William James (January 11, 1842, New York - August 26, 1910 Chocorua, New Hampshire), philosopher and elder brother of the writer Henry James, was born in New York. He studied in France and taught at Harvard until his death. Together with Charles Sanders Pierce, who coined the term, James founded the philosophical school or (perhaps more accurately) orientation of pragmatism. James was not trained as a philosopher, but rather as a psychologist, at the time when the two disciplines were only beginning to separate themselves. He was in fact one of the first laboratory psychologists in America, though he was also skeptical of the ultimate value of laboratories for understanding the human mind.
James's was a markedly pluralistic and relativistic philosophy, even for a pragmatist's. While, like pragmatists generally, he held experimentation to be a way of life, he did not look to it for objective knowledge. Unlike John Dewey, James had no problem with people holding widely divergent views of the world, each on the basis of their own experience.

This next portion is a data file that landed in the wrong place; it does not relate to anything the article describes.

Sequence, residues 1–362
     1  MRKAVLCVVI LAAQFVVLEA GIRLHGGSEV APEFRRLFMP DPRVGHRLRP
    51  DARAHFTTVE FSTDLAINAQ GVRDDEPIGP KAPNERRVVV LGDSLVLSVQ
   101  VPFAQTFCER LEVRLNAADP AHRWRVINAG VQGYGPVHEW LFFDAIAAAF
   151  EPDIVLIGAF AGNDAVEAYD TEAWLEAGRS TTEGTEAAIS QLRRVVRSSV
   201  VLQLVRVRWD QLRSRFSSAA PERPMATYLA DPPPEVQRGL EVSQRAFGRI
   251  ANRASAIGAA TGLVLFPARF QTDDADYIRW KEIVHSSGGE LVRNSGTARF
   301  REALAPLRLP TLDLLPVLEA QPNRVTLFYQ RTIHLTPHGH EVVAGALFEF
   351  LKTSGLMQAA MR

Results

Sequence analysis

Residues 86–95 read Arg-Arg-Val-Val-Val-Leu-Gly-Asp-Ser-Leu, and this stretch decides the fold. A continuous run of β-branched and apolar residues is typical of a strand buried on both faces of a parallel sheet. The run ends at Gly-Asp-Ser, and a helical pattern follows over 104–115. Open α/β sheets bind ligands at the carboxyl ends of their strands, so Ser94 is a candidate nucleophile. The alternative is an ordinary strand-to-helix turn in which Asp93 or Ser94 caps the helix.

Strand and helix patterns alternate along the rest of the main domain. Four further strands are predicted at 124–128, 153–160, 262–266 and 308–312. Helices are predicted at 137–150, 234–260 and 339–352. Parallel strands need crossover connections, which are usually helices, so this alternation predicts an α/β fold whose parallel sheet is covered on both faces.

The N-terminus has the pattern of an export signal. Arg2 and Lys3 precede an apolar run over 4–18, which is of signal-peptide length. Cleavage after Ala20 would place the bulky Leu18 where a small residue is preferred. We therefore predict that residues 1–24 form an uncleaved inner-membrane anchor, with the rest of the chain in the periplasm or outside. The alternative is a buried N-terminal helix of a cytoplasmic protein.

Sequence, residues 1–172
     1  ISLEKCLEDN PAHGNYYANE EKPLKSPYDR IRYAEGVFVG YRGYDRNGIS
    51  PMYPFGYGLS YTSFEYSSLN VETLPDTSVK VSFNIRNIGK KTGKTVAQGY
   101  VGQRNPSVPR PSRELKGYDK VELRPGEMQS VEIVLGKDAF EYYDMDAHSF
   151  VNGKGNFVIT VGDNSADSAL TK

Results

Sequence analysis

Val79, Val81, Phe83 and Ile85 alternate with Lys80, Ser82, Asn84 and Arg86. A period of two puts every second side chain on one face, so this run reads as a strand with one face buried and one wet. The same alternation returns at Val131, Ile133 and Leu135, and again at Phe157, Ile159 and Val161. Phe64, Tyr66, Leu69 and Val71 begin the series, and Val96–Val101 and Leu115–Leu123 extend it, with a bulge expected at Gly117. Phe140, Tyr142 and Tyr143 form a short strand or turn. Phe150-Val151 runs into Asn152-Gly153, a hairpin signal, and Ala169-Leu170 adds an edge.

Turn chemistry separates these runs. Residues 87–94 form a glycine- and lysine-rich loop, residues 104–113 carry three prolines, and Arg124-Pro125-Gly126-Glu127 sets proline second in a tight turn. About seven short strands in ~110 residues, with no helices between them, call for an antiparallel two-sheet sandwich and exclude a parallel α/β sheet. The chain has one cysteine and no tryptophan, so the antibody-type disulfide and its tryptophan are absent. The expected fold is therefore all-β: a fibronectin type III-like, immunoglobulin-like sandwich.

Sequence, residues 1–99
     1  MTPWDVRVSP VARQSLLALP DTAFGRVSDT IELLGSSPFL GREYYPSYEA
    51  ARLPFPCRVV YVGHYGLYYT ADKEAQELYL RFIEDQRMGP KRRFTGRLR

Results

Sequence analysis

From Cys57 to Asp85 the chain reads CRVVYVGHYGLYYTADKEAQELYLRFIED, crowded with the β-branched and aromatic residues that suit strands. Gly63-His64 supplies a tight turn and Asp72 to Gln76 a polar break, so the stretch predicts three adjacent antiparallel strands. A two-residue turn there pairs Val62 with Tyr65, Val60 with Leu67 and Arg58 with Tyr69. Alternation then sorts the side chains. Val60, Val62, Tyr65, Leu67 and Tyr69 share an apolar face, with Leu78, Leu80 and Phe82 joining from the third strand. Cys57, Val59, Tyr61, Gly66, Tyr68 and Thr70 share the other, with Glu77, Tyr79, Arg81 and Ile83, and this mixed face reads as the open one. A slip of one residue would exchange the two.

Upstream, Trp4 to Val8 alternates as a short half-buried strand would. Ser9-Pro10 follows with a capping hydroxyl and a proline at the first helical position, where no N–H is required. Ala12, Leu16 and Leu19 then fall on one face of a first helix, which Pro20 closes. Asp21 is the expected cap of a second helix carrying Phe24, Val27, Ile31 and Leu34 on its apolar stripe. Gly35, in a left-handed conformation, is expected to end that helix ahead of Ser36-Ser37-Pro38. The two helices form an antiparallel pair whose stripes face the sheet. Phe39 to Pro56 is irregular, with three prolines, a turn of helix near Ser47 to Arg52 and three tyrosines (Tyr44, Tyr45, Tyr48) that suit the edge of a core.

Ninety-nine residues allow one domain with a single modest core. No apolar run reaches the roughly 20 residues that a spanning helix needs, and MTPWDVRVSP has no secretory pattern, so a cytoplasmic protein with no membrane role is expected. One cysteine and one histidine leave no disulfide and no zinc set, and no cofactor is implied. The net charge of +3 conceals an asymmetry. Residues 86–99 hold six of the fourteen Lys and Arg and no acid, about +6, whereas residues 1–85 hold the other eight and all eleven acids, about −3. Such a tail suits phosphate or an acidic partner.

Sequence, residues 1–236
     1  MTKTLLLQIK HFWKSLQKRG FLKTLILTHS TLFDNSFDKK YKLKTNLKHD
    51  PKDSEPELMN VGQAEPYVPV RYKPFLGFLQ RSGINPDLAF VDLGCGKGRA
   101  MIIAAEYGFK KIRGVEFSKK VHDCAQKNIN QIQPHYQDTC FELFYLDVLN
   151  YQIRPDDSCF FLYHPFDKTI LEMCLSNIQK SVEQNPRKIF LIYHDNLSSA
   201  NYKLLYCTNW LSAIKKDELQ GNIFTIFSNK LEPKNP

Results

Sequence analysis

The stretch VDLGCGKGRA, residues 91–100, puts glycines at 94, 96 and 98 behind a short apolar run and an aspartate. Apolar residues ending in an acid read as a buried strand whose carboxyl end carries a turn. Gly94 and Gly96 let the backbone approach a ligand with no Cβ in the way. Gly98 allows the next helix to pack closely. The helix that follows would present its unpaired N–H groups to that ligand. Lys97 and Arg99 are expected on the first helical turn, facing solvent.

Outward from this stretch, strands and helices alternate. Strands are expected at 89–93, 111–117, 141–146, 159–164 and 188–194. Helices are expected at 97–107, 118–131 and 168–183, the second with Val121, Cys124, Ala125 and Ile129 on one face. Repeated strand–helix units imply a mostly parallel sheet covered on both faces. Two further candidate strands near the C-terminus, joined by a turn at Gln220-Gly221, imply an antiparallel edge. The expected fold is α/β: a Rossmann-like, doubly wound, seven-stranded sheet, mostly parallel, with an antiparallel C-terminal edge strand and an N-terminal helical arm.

James also did important work in the study and philosophy of religion, providing a wide-ranging account of The Varieties of Religious Experience (1902) and interpreting them according to his pragmatic leanings. Some of the important claims he makes in this regard:
- Religious genius should be the primary topic in the study of religion, rather than religious institutions--since institutions are merely the remnant of genius.
- The intense, even pathological varieties of experience (religious or otherwise) should be sought by psychologists, because they represent the closest thing to a microscope of the mind--that is, they show us in drastically enlarged form the normal processes of things.
- In order to usefully interpret the realm of common, shared experience and history, we must each make certain "over-beliefs" in things which, while they cannot be proven on the basis of experience, help us to live fuller and better lives.